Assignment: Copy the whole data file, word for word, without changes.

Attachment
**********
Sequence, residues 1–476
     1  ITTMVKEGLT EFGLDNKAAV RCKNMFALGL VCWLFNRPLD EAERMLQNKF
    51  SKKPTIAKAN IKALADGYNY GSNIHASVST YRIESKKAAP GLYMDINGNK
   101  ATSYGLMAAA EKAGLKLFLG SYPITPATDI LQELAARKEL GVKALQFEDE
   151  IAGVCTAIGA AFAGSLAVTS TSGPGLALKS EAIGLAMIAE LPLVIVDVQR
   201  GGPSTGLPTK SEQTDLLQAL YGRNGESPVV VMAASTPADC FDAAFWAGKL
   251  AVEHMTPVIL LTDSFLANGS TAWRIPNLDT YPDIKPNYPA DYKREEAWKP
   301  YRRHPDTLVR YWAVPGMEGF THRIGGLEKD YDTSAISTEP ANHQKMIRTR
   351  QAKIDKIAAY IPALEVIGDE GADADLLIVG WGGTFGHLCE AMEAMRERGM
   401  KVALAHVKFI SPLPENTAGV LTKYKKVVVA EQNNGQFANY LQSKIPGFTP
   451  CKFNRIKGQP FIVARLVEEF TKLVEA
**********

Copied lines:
Sequence, residues 1–476
     1  ITTMVKEGLT EFGLDNKAAV RCKNMFALGL VCWLFNRPLD EAERMLQNKF
    51  SKKPTIAKAN IKALADGYNY GSNIHASVST YRIESKKAAP GLYMDINGNK
   101  ATSYGLMAAA EKAGLKLFLG SYPITPATDI LQELAARKEL GVKALQFEDE
   151  IAGVCTAIGA AFAGSLAVTS TSGPGLALKS EAIGLAMIAE LPLVIVDVQR
   201  GGPSTGLPTK SEQTDLLQAL YGRNGESPVV VMAASTPADC FDAAFWAGKL
   251  AVEHMTPVIL LTDSFLANGS TAWRIPNLDT YPDIKPNYPA DYKREEAWKP
   301  YRRHPDTLVR YWAVPGMEGF THRIGGLEKD YDTSAISTEP ANHQKMIRTR
   351  QAKIDKIAAY IPALEVIGDE GADADLLIVG WGGTFGHLCE AMEAMRERGM
   401  KVALAHVKFI SPLPENTAGV LTKYKKVVVA EQNNGQFANY LQSKIPGFTP
   451  CKFNRIKGQP FIVARLVEEF TKLVEA